The digital age has delivered fast and affordable motorsport photography to everyone with a smartphone. Technology can have its downsides, however, and losing your pictures is a real threat.Dallas Dogger looks at the best ways to ensure those memories will always be at your fingertips.
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We think nothing of taking a “selfie” at any opportunity. Even Jack Monkouse takes pictures of his custard tarts and post them social media in the vain thought that the rally world cares! (We love your tart pictures Jack.)
But are we making a fundamental error of judgment by not backing up and even printing our photographs?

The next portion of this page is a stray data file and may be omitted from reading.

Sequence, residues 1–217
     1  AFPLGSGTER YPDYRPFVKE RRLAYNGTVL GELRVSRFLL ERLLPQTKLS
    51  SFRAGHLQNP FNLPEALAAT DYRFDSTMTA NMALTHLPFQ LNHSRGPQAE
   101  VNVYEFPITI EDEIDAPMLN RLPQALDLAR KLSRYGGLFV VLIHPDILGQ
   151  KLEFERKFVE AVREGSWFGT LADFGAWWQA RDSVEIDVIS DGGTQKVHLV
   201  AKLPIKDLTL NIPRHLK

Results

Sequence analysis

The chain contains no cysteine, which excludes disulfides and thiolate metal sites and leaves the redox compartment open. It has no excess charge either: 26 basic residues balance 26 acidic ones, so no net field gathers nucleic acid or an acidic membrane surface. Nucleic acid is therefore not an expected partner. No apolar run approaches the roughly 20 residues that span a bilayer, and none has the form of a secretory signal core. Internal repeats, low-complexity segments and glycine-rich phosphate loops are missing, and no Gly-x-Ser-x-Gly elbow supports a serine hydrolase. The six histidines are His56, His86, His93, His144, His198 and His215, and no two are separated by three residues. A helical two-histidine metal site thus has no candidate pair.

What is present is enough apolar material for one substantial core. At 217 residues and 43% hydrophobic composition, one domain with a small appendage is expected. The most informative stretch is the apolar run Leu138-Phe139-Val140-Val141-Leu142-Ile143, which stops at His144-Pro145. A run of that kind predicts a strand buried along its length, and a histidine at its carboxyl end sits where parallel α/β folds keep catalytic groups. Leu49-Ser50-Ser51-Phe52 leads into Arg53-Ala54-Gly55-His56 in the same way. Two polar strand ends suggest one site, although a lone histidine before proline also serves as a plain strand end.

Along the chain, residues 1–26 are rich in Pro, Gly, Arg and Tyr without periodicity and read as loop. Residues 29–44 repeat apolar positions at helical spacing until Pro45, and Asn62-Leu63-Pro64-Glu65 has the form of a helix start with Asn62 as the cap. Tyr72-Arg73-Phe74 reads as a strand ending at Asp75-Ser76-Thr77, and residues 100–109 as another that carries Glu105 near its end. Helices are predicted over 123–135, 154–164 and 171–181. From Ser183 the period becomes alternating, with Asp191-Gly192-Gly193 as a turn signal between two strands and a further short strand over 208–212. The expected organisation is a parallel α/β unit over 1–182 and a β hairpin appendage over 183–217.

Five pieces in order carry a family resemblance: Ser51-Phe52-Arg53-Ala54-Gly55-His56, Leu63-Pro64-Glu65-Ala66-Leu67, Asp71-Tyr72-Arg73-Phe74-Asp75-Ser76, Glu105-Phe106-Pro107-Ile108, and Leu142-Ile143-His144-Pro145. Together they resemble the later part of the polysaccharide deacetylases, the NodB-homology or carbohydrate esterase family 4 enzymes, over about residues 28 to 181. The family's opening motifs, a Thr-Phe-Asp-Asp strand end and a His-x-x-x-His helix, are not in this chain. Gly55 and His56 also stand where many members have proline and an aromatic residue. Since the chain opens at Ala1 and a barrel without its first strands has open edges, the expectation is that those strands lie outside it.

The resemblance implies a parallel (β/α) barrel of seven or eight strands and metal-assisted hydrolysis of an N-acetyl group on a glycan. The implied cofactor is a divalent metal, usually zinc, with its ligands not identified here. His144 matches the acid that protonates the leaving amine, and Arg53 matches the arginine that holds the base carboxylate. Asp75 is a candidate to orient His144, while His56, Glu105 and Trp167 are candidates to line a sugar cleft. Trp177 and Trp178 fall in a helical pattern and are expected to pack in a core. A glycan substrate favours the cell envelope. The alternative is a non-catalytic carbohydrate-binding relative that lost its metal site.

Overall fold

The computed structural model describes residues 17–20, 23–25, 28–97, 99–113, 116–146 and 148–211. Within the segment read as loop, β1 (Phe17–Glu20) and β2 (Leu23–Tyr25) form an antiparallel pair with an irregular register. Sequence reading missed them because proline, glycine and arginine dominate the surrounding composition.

At many rallies, millions of pictures are taken on smartphones and many choose to use a phone as their primary camera. As a professional photographer, I consider a smartphone to be a telephone, not a camera.
Whilst I have taken many thousands of photos with my phone, I don’t consider it to be a camera that I would rely on for a holiday or for important photographic work, or for promoting my business.
In the 'old' days, prints would arrive back from the photo lab after an excruciating wait. Photo: Dallas Dogger
They are not bad, but they can’t take the place of a good camera.
My grandfather was a prolific photographer and my father had custody of his collection. When Dad moved into a retirement home, I became the custodian of his images and Dad’s as well.
A brief look at these images reveals a world before my time and a reflection on early 20thcentury life. They are prints and transparencies, some even large format, and there are hundreds of prints in packets.